Again, I have to bring up the puzzle elements in some of the levels. It really brings the fun to a dead stop, and seems like needless filler. Aside from those couple of moments throughout the four Zones that make up Sonic 4 (and the aforementioned accidental homing attack issues), the game is just as well balanced as the original. The only real difficulty to the game comes from some of the bosses, since a couple have a real element of luck to them. A good example of this is the form Eggman takes in the Casino zone, where his final attack mode is only vulnerable from the top, and you’re in a round room with no platforms you can use to reach the attack point without relying on paddles and pinball bumpers along the walls. I beat him by getting up to one of those bumpers and then lucking into an angle where Sonic was repeatedly bounced back and forth between that bumper and the attack point until the ship blew up. I have beaten that boss a total of four times, and each time the method for defeating him was different and took varying amounts of time.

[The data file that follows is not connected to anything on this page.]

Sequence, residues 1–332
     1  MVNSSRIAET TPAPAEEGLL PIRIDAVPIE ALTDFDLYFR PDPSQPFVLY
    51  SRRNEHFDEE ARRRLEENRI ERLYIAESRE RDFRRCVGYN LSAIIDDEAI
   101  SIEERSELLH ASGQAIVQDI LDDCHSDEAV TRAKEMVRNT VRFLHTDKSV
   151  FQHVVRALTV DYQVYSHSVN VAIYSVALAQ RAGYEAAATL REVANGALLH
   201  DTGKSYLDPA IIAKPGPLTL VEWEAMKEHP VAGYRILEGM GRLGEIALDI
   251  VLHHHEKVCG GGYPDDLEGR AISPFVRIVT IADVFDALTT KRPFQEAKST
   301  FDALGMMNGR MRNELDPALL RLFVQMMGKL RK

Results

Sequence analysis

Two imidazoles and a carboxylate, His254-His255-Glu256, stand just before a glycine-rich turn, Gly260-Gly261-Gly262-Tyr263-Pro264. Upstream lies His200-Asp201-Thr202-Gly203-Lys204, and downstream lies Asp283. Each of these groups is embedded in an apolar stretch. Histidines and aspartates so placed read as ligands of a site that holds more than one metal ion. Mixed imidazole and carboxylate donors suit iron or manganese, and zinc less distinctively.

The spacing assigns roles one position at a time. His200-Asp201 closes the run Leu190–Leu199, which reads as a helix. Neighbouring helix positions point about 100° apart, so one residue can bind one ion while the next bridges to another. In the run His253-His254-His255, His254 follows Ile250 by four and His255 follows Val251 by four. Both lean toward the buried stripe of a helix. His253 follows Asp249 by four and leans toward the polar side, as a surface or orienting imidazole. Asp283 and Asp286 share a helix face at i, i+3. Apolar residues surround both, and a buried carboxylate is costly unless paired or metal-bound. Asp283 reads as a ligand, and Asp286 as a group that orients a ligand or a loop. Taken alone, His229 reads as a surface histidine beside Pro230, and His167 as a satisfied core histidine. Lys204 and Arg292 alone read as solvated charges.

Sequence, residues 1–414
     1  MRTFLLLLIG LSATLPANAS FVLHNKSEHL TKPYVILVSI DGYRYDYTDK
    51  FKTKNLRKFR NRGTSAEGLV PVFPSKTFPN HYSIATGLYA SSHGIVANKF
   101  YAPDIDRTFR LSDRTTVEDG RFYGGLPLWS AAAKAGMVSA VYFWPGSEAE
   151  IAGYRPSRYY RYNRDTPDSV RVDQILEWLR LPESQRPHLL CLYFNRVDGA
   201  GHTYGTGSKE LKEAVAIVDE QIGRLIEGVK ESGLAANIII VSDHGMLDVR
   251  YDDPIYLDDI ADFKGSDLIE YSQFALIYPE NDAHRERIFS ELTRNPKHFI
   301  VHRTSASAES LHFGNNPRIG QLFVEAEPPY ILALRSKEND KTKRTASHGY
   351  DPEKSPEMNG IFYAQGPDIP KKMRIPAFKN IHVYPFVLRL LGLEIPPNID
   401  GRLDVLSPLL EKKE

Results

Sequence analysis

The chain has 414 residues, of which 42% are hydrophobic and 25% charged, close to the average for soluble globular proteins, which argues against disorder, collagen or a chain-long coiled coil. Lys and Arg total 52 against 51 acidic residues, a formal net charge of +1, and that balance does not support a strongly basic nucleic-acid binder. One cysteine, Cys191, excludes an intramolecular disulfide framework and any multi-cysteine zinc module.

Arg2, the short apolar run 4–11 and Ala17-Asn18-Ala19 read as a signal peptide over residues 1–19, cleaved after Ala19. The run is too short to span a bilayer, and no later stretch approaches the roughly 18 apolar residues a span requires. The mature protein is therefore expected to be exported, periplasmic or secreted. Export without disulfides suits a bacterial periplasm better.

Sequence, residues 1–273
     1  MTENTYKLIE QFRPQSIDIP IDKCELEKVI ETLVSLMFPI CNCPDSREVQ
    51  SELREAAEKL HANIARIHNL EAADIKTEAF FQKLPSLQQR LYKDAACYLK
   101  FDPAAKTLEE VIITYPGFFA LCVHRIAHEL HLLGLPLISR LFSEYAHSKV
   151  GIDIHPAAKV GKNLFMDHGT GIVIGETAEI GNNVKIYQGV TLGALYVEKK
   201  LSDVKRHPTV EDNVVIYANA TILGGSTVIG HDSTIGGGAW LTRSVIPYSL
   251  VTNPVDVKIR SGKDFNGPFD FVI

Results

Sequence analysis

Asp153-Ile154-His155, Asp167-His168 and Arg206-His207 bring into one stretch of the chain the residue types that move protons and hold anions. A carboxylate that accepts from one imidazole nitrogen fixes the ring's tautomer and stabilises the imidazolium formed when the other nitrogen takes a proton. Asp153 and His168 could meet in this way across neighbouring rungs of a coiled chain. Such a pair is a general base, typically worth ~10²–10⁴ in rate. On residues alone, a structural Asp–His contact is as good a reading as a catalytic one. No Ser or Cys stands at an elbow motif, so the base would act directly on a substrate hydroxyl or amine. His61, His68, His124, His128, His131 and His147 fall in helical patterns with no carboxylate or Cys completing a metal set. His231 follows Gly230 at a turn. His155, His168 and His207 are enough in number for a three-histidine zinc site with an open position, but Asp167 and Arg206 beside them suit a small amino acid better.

So don’t go in expecting to use the same patterns to beat the bosses that you did in the original game. For example, when fighting the first boss with his swinging demolition ball, I used to get on one platform, bounce on top of him, and use the forward momentum to push me to the platform on the other side of the screen and then repeat the process until he blew up. But in this game, no matter where I landed on the top of that ship, I got bounced backwards, not forwards, so I had to adjust my strategy somewhat. While this does make the boss fights feel new, it can be somewhat jarring to go from speeding through levels, smashing through enemies at a breakneck pace, only to find the physics somewhat reversed when fighting a couple of the bosses. Still, fans of the series and newcomers alike shouldn’t find themselves flustered during their experience with this title. It has its challenging moments, but never to the point of controller tossing frustration.